Talking firearms with your little hunters

Harriet Bremner writes.

Everyday habits can have dangerous, even fatal consequences.

An inevitable part of New Zealand farming life is having access to the world’s best hunting spots where we can gather food, and spend time with friends, family and our children.

Ask many a rural child what they like spending time doing on their weekends and holidays and a lot of them will tell you they love to go hunting with dad, mum, uncle Dave etc.

So, this leaves a question for you…

  • Does your child or teenager that you take hunting with you regularly know how to be safe around firearms or are you guilty of just saying to them ‘just stand there’ or ‘don’t get in the way?’
  • Do they hunt themselves with age-appropriate rifles and guns?
  • Do you explain to them why you may choose to shoot in one spot and not another?
  • Do they know what ‘buck fever’ actually is?

Conversations you have with them while hunting will lead them to grow up and be good communicators when they reach the age and stage of going it alone or with their own mates and ultimately will keep them safe.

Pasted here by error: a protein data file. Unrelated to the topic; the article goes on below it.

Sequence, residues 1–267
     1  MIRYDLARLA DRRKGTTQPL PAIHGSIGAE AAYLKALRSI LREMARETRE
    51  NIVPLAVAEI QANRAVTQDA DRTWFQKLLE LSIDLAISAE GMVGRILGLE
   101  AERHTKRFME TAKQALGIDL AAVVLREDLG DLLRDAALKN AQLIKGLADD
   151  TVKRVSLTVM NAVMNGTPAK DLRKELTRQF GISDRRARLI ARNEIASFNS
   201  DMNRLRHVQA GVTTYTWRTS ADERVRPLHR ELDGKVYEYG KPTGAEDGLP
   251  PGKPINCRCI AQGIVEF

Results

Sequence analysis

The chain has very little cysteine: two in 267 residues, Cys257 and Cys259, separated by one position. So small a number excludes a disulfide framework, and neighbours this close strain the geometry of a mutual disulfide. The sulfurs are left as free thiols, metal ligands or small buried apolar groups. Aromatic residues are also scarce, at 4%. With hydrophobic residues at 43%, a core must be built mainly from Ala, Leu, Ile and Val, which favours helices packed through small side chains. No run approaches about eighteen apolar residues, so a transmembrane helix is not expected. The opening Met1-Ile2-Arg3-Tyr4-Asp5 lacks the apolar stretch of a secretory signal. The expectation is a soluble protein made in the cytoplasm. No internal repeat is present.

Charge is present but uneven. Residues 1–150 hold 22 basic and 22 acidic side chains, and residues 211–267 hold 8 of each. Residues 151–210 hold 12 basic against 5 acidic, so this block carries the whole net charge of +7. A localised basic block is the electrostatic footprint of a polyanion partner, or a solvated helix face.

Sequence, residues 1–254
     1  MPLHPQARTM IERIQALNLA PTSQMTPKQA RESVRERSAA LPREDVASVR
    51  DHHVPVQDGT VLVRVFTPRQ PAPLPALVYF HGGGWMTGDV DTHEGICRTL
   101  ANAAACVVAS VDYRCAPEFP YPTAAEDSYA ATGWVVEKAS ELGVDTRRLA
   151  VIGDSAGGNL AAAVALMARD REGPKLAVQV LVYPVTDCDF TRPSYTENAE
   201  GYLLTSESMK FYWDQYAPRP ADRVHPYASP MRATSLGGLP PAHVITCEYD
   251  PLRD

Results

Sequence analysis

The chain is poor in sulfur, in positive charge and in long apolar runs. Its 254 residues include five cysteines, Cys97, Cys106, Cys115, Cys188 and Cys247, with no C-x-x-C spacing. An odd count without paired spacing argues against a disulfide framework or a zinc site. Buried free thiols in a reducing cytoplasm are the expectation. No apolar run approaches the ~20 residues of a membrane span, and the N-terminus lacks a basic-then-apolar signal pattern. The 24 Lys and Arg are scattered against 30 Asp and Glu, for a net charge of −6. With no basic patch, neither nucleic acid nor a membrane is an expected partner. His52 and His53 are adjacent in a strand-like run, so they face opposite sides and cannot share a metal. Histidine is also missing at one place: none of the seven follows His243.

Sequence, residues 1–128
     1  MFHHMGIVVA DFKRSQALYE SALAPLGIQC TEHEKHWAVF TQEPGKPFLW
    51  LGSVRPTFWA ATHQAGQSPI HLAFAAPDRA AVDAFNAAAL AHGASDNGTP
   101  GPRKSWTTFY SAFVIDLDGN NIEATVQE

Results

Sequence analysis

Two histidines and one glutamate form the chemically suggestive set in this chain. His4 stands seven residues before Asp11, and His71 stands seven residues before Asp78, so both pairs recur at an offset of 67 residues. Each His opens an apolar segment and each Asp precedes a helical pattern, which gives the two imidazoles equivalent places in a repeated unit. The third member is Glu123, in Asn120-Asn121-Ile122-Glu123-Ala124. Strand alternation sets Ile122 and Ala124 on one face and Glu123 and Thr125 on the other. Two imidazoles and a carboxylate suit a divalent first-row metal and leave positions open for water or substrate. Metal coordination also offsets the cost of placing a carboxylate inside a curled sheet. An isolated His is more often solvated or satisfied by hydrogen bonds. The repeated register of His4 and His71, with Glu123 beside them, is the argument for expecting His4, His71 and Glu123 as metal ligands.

In February, I ran another Think Safe Brain Campaign day in Fairlie with 220 children from five schools in the district. I have been working with NZ Police and decided to incorporate a firearms module where the local constables would take charge.

In this module, they teach the children about the seven firearms safety rules in NZ and show them different types of ammunition and real firearms. They have conversations that help shape behaviours around how children should approach gun safety in a positive and practical manner. It is amazing the stories that come out from the children about what really happens on their hunting trips and it can be scary to hear some of the close calls a mere seven-year-old has already witnessed but also on the other hand the amazing safe practices that are out there.

It is important that children get these experiences first-hand so they grow up to be capable adults but it is also crucial that they learn in the right way from the right mentors.

Have a think, do you yourself know the seven firearms safety rules?

Have you actually had conversations over a cuppa and a campfire around the dangers of using rifles/guns and what happens if it were to go wrong?

Have you got a plan in place for what happens in an emergency and is your child up to speed on that plan too? I know many of you will be thinking, she’ll be right, nothing bad will happen to us but what if it can and what if it will… if you don’t have some of these conversations today?

Or… after having a chat with their children, do they know the rules better than you?